The 1911 Season: The Cream Rises to the Top
An oasis of offense in an era of great pitching, the 1911 season stands out as one of the most dramatic of the Deadball Era. Great players performed at their peak, and two powerhouse teams, stuck in second place at the end of July, pushed forward to claim league pennants. A classic World Series matching the two premier managers of the era capped a year in which only five of the sixteen Major League teams finished under .500.
This was a time before runs batted in counted as an official statistic, when the Sunday newspaper listing of Major Leaguers’ stats included not home runs but sacrifice bunts and stolen bases. The bold experiment with a cork-center baseball in 1911 provided a major boost to hitters that lasted two seasons, after which pitchers’ unfettered doctoring of the ball stymied offense until the Ruthian slugging of the 1920s transformed the game.
The explosion of offense was greater in the American League, where scoring went from 7.3 runs per game in 1910 to 9.2 in 1911, and the league batting average soared from .243 to .273. Scoring rose a less startling 10 percent in the National League, where Frank “Wildfire” Schulte of the Cubs became the league’s first 20-home-run slugger of the century and home runs league-wide rose by 50 percent.
The Detroit Tigers, featuring the Majors’ most formidable one-two punch in Ty Cobb and Sam Crawford (who combined for 265 hits, including 83 doubles and 38 triples) got off to a torrid start. By May 9 they had an eight-game lead thanks to a 21–2 record. A nine-game winning streak in July featured a four-game sweep in which they battered the defending champion, the Philadelphia Athletics, for 37 runs.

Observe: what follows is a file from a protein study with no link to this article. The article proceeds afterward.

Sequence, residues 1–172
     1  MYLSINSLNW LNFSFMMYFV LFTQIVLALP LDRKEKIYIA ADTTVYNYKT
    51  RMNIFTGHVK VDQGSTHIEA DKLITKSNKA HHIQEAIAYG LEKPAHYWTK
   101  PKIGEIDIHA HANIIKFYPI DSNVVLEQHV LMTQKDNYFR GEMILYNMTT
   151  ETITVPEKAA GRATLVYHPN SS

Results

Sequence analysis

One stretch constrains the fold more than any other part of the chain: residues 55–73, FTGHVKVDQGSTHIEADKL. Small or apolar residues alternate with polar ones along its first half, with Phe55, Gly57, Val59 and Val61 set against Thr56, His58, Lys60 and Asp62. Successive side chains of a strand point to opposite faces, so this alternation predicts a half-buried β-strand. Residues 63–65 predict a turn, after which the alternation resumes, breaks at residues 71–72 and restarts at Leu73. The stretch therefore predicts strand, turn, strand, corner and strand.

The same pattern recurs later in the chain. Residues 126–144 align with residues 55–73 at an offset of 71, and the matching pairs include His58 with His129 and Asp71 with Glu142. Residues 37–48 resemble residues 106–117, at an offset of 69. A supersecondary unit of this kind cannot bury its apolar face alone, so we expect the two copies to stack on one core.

Connie Mack’s Athletics were anchored by the legendary “$100,000 infield” of Stuffy McInnis, Eddie Collins, Jack Barry, and Frank Baker. The pitching staff was headed by future Hall of Famers Eddie Plank and “Chief” Bender, plus Jack Coombs, who was coming off a 31–9 season. Following the sweep by Detroit, they reeled off an 18–6 stretch, seized first place on August 7, and never looked back. With Coombs leading the league again with 28 wins while Plank and Bender combined for a 40–13 record, the Athletics won 101 games, subduing the Tigers by 13½ games.
The National League was more hotly contested, and at the end of June the Giants, Cubs, Phillies, Pirates, and Cardinals were separated by just five games. But beginning on June 28, four things happened over the next month that propelled the Giants to the title. On that day, they moved back into the rebuilt Polo Grounds, which had been nearly gutted by a fire two days into the season.
The second key factor was the sudden emergence of Rube Marquard as a southpaw complement to Christy Mathewson. Marquard, signed for $100,000 in 1908, had been a flop, posting a 9–18 record before 1911 and sitting at a lackluster 5–3 when the Giants returned to Coogan’s Bluff. Not only did he win seven of his eight July starts, but over the next calendar year he went an astonishing 37–4, stamping his ticket to the Hall of Fame.
A sluggish offense and the July illness of shortstop Al Bridwell forced John McGraw to make the biggest trade of the season. On July 22, he dealt Bridwell and Hank Gowdy to the Boston Rustlers for Buck Herzog, who took over at third base for aging Art Devlin, while Art Fletcher replaced Bridwell. The infusion of youth and speed energized the Giants’ offense, which set a twentieth-century record with 347 stolen bases. Outfielders Josh Devore, Fred Snodgrass, and Red Murray, along with first baseman Fred Merkle, all stole between 48 and 61 bases. McGraw’s team put constant pressure on the defense and averaged five runs a game for the rest of the season.